As seen in many high-profile cases this year, the Fair Work Ombudsman (FWO) is persistently cracking down on directors of companies who underpay their staff.

The FWO media releases for 2019 are full of stories where directors have been held personally liable for underpaying staff in contravention of the Fair Work Act 2009 (Act).

In addition to significant penalties, the extent of the personal liability for directors can include the total amount of underpaid wages and entitlements, particularly if the company is unable to pay.

Criminal act?

There has been much discussion this year about the Federal Government’s plans to introduce laws criminalising deliberate and systematic underpayment of employees. This could potentially mean jail time for offending directors.

This has occurred in response to the Migrant Works Taskforce Report released earlier this year. In principle, the Government has accepted the recommendations outlined in the report, including criminal penalties for employers involved in the underpayments.

If implemented, these recommendations will obviously have extreme implications for employers and their directors. It’s important to note that directors ordinarily cannot seek indemnification from their companies if they are involved in criminal offences, this means it will come out of the director’s own pocket.

Given the increasing heat being placed on directors and business owners, it is important for you to understand the legal requirements and put in place compliance systems so that employees are being paid their legal wages and entitlements.

How could you become personally liable?

Under the Act, a director will be found to have been ‘involved’[1] in a breach of the Act or contravention if that individual has:

  1. Aided, abetted, counselled or procured the contravention; or
  2. Induced the contravention, whether by threats or promises or otherwise; or
  3. Been in any way, by act or omissiondirectly or indirectly, knowingly concerned in or party to the contravention; or
  4. Conspired with others to effect the contravention.

What does this mean? In a case before the Federal Circuit Court of Australia earlier this year[2], the Court declared that two directors of five companies were ‘involved’ in failing to pay employees certain wages and entitlements, including contravening the National Employment Standards and modern awards.[3] The relevant awards included the Professionals Employees Award 2010 and Clerks Private Sector Award 2010. The underpayments totalled approximately $1.9 million.

This case provides us with guidance on some key aspects that are examined to determine if a director has been ‘involved’ or is accessorily liable. These include:

  1. Knowledge and involvement – aka ‘standing by and watching’: The Court held it was not necessary that a person physically do anything to further the contravention. It is sufficient that the person became associated and involved in the contravention by what they said and agreed to do. There is a requirement for actual knowledge of the essential matters that make up the contravention. The person must have intentionally participated in the contravention. But the person does not need to have knowledge that their conduct was unlawful or constituted a contravention – ignorance of the law is no defence!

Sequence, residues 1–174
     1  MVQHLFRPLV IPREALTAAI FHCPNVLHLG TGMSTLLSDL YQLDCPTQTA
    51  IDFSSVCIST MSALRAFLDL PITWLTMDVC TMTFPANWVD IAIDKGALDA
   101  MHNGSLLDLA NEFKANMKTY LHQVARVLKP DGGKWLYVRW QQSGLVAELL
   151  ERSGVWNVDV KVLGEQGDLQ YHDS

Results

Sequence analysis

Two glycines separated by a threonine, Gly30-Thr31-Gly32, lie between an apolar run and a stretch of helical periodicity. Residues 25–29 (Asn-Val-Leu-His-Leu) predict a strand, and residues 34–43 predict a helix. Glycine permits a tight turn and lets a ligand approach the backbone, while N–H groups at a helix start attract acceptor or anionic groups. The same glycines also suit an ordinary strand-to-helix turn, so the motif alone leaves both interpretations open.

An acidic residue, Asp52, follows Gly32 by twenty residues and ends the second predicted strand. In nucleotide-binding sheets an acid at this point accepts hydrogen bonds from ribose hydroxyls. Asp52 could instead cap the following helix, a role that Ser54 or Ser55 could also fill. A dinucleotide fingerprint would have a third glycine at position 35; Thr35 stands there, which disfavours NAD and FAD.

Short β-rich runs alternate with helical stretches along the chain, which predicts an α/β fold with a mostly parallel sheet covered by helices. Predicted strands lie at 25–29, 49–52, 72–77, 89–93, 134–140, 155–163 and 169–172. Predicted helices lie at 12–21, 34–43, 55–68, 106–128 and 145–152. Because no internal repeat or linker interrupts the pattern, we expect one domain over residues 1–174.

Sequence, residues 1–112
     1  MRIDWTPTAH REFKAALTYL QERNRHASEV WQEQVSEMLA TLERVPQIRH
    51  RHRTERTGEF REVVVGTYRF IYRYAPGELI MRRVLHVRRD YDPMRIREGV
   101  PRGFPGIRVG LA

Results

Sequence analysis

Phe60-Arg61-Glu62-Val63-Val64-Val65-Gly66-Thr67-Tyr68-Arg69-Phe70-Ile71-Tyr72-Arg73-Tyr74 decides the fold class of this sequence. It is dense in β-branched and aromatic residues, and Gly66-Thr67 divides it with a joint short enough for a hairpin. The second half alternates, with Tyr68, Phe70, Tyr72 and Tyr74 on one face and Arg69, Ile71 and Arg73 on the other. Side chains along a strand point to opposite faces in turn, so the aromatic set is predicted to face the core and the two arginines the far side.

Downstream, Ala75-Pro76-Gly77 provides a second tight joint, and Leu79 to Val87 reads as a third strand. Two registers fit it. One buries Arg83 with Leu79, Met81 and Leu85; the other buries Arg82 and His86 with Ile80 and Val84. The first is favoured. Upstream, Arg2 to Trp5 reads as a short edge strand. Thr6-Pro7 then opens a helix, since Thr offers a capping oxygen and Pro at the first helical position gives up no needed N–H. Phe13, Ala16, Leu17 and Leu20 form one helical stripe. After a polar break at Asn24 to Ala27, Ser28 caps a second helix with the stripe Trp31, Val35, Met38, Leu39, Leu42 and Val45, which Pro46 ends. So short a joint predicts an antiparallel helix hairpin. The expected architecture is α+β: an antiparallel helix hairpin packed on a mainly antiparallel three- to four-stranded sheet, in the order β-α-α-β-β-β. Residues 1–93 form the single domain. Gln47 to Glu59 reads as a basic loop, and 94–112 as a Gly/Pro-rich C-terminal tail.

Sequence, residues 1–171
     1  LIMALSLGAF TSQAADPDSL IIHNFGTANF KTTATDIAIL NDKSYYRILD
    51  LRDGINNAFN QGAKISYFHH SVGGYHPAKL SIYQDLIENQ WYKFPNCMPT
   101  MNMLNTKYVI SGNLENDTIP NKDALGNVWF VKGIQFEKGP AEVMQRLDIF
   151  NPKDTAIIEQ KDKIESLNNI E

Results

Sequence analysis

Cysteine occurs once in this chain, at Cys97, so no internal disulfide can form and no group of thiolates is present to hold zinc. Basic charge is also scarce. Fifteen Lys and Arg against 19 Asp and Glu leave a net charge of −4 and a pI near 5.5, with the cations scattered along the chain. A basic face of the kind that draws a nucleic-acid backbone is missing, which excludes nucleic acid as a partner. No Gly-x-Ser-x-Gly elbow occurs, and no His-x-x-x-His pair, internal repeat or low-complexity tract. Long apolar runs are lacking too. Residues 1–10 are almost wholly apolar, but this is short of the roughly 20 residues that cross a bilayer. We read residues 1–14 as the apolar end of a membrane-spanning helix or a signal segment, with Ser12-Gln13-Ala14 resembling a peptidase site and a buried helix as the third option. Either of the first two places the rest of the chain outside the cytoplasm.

2. Wilful blindness – aka ‘sticking your head in the sand’: An individual’s knowledge of circumstances can be inferred from the individual’s ‘wilful blindness’, which could include deliberately abstaining from asking questions or making enquiries, or a deliberate ‘shutting of one’s eyes to what is going on’. What this means is that directors have a positive obligation to ask relevant questions about whether people are being paid appropriately.
  3. Controlling minds – aka ‘looking through the company’: In this case, the Court found that because a corporate entity can act through the individual and directors are the ‘controlling mind’ of a company, directors can, in the absence of contrary evidence, be accessorily liable.
  4. Practical connection: The directors had a practical connection to the contraventions by the companies including:
    1. knowing that they had run out of cash to pay employees;
    2. knowing employees were not being paid wages and entitlements when they were due;
    3. requiring employees to attend work even though they were unpaid; and
    4. intentionally participating in contraventions by offering inducements or bonuses to stay employed by the companies.

It is a daunting process having your decisions and actions examined in Court, and something every business owner and director would rather avoid. Each case will turn on its own facts, but it is concerning for business owners that increasingly the Courts and Fair Work Ombudsman are looking to impose personal liability on directors for underpayment of employees’ wages and entitlements.

How can Andreyev Lawyers help you?

Our experienced team can provide you with legal advice so that you, as a business owner, can put proactive systems in place to manage the risk of underpaying employees. If you are involved in a dispute with an employee or Fair Work Ombudsman, we can represent you.

Contact our team today on 1300 654 590.

[1] ‘Involved’ within the meaning of section 550 of the Fair Work Act 2009.

[2] Fair Work Ombudsman v Priority Matters Pty Ltd and Fair Work Ombudsman v Superlattice Solar Pty Ltd and Fair Work Ombudsman v Geneasys Pty Ltd (in liq) and Fair Work Ombudsman v Silverbrook and Fair Work Ombudsman v Mpowa Pty Ltd (No 4) [2019] FCCA 56.

[3] They were found to have been ‘involved’ in breaches of sections 44, 45, 293, 323, 328 and 542.